Things you didn't know about Dairy Queen
Dairy Queen is one of those chains that’s impossible to dislike. The chain that put not only soft-serve ice cream but also the legendary Blizzard on the map has thousands of locations across the globe, and new openings are still treated as special occasions. But even if you’ve got your perfect Blizzard order down pat, we bet that there are still some things you didn’t know about this legendary chain.
Dairy Queen got its start with an ice cream store in Moorehead, Minnesota, owned by a man named Sheb Noble. When his friend John Fremont “Grandpa” McCullough and McCullough’s son Bradley convinced him to start selling soft-serve in 1938, the guys realized that they were onto something after more than 1,600 servings were sold in two hours. Two years later the trio opened the first Dairy Queen in Chicago suburb Joliet, and they never looked back.
Dairy Queen is truly as American as apple pie, and the company brings that distinctly American style of cuisine and service around the globe. Read on for 10 things that you most likely didn’t know about this beloved chain, and the next time you order a cup of that soft serve, remember that there’s more than 80 years of history behind it.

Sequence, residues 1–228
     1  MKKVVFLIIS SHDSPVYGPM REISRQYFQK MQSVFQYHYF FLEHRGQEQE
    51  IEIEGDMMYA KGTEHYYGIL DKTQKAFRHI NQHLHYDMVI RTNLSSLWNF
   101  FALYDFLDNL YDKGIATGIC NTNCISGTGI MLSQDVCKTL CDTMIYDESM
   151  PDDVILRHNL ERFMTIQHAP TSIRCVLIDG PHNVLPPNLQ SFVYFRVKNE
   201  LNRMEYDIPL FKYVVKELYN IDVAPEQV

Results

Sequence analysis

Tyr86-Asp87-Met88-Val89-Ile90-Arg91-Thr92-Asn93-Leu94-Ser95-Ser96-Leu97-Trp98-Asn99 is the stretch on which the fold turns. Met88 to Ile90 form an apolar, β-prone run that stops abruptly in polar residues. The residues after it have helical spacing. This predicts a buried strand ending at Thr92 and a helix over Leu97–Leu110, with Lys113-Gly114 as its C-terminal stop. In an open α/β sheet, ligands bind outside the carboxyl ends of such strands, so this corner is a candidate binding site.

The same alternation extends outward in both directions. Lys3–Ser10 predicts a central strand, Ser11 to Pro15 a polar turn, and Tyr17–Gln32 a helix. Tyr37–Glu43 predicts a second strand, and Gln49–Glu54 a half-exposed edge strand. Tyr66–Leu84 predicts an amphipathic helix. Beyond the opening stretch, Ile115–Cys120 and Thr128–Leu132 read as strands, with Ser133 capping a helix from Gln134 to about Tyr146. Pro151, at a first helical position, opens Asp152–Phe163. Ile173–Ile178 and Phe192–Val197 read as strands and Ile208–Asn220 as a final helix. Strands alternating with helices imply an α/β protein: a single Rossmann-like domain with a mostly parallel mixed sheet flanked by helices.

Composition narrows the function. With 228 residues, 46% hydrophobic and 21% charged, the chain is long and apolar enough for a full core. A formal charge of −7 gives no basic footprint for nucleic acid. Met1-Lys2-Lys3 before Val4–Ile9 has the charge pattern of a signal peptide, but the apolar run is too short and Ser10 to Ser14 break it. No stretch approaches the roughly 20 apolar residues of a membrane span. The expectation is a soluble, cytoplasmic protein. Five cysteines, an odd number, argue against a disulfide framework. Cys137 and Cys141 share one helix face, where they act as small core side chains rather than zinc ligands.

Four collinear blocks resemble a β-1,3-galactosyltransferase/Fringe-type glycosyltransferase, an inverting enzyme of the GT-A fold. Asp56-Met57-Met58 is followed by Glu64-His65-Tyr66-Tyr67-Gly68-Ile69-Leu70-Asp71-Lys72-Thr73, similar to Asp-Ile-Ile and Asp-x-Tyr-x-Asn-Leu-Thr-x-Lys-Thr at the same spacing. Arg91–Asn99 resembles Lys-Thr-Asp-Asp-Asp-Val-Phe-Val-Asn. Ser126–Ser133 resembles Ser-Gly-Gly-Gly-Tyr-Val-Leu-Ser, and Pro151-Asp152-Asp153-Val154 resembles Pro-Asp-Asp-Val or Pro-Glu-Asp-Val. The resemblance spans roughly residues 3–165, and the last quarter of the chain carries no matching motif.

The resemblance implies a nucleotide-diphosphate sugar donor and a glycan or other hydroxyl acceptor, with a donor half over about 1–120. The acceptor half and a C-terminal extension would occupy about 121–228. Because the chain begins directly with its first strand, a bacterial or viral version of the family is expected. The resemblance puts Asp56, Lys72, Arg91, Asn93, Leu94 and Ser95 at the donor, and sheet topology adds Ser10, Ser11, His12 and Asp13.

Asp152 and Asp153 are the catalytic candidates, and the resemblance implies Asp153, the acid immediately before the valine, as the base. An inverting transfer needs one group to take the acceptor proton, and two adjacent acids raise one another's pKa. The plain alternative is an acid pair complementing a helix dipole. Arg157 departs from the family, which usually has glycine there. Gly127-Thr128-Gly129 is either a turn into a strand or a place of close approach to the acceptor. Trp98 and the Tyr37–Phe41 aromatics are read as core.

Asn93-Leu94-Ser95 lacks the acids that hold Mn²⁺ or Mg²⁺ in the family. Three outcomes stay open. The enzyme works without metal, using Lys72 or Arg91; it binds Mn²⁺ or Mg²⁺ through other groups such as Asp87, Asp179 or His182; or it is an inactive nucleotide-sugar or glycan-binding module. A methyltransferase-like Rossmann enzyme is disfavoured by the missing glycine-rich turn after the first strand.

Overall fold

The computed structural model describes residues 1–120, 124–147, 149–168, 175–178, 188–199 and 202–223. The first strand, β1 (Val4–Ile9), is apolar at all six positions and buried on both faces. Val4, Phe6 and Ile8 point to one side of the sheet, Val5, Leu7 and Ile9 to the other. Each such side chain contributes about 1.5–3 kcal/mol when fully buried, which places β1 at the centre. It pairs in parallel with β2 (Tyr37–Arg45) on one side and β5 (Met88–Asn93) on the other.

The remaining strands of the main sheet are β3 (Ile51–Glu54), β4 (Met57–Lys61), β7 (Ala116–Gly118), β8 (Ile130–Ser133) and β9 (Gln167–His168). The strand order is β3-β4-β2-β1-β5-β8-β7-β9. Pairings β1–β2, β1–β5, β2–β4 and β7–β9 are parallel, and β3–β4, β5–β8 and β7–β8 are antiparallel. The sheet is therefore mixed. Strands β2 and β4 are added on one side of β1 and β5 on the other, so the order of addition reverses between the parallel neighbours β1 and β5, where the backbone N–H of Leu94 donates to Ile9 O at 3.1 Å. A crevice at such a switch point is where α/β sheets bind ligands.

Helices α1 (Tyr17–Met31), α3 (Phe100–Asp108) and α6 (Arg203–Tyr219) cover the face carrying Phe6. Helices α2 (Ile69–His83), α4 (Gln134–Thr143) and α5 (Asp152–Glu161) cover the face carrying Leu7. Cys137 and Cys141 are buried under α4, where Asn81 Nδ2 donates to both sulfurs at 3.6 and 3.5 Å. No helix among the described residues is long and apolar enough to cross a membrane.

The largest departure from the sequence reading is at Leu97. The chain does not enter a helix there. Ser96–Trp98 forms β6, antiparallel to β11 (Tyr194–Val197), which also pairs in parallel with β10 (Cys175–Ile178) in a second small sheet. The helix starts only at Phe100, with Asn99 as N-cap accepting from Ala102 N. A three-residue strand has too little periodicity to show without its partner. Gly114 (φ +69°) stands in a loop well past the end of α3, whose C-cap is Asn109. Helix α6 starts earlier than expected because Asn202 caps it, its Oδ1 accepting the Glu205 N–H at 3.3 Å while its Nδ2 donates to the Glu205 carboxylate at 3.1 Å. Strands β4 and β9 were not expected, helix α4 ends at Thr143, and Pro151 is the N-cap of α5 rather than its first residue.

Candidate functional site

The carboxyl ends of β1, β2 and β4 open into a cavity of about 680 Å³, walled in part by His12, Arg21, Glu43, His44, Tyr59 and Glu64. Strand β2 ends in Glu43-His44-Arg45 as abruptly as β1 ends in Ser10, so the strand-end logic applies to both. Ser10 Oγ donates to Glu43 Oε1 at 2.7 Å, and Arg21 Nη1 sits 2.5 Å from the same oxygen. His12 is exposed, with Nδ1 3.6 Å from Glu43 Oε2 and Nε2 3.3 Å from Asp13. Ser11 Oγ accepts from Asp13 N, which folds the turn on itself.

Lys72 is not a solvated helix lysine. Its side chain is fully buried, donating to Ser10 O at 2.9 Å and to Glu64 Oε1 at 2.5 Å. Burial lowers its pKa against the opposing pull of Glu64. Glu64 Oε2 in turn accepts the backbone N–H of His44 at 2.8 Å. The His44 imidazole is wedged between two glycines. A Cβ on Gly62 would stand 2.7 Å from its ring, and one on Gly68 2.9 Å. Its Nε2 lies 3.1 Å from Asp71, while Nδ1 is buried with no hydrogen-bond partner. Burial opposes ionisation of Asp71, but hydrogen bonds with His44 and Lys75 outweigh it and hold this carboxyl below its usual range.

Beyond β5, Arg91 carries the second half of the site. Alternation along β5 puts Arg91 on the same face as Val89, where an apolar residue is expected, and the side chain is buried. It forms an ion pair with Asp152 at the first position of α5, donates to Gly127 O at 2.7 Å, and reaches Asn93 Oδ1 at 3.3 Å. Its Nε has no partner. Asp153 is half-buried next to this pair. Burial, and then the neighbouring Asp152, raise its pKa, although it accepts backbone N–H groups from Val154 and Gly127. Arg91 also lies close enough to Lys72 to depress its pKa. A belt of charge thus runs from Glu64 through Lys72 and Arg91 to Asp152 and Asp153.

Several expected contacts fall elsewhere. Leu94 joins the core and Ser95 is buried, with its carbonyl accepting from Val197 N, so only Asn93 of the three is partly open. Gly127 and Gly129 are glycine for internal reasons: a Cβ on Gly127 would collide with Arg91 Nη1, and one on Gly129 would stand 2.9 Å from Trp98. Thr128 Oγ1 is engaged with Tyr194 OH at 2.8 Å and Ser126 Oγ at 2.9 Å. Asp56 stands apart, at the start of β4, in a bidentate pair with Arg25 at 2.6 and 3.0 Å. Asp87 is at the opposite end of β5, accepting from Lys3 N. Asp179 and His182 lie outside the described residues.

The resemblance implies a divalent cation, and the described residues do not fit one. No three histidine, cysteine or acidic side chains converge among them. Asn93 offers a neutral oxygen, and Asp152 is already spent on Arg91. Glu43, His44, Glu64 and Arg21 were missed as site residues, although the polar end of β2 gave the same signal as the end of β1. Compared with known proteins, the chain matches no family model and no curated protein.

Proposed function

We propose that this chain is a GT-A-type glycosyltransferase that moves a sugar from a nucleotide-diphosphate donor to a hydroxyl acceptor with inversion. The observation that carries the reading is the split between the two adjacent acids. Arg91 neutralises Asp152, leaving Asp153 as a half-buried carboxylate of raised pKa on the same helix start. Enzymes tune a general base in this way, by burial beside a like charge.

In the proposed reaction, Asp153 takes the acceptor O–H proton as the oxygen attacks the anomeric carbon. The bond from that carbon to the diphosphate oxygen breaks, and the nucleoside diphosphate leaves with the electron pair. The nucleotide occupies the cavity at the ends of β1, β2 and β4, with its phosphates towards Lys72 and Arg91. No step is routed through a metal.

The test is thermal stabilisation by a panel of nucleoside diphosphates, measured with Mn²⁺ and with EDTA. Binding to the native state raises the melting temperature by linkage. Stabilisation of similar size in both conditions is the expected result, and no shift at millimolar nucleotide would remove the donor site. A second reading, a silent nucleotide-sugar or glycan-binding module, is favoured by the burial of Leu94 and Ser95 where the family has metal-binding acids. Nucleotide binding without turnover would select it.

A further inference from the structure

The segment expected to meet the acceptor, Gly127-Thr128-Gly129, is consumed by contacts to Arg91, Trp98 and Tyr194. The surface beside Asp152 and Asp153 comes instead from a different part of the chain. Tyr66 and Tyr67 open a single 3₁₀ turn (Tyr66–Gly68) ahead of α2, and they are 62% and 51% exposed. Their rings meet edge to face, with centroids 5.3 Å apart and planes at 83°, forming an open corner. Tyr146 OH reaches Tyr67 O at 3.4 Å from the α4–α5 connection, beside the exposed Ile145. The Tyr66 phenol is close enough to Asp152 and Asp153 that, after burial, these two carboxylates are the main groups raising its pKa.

1. The First Location Is a City-Designated Landmark
Even though it hasn’t been a Dairy Queen since the 1950s, the first location, at 501 North Chicago Street in Joliet, is landmarked.
2. The founders also invented soft serve
The concept of soft serve was developed in 1938 by John Fremont McCullough and his son Bradley. They partnered with ice cream shop owner Sheb Noble to open the first Dairy Queen in Joliet, Illinois, in 1940.
3. It Was a Pioneer of Franchising
Not many restaurants were selling franchise rights in the 1940s, but Dairy Queen used that strategy to expand from 10 stores in 1941 to 100 stores in 1947 and 1,600 by 1955.
4. Dairy Queen Owns Orange Julius
Dairy Queen purchased the chain, best known for its namesake orange-flavored drink, in 1987. Many locations now also offer Orange Julius items.
5. The Blizzard Was Inspired by a St. Louis Shop
Ted Drewes is a famous frozen custard shop located in Route 66 in St. Louis, a local landmark since the 1930s. The shop is best known for its concretes, in which frozen custard is blended with any of dozens of ingredients. DQ took its inspiration from this legendary creation, as did Shake Shack, who calls their creations concretes in homage.
Check more fun facts about Dairy Queen.
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